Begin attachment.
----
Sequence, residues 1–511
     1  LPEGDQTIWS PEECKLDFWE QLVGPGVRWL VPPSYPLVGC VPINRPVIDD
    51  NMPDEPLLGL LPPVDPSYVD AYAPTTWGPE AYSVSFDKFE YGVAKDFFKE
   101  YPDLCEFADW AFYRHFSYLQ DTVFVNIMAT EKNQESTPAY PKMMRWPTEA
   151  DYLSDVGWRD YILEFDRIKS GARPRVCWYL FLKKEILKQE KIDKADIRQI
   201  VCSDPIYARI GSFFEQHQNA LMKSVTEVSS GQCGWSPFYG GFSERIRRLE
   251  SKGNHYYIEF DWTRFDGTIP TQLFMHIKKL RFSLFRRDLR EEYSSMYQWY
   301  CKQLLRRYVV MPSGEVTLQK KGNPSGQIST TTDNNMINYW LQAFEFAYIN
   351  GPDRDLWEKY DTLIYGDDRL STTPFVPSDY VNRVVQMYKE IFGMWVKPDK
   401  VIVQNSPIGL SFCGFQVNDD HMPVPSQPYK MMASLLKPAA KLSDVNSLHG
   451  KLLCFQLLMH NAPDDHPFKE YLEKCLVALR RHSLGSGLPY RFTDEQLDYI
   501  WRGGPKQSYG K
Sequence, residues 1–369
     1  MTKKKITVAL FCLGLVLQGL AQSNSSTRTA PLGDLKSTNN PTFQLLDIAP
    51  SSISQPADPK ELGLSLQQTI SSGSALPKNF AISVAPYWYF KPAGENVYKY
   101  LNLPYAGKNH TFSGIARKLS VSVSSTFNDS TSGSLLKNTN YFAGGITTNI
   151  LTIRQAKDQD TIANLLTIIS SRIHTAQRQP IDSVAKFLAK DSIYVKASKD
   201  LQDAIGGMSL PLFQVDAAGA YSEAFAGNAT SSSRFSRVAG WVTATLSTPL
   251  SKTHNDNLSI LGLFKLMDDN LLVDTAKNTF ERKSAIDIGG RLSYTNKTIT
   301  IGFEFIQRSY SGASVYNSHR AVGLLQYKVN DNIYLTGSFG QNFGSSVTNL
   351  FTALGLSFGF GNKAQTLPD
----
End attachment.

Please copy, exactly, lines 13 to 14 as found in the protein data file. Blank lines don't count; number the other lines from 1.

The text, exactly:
Sequence, residues 1–369
     1  MTKKKITVAL FCLGLVLQGL AQSNSSTRTA PLGDLKSTNN PTFQLLDIAP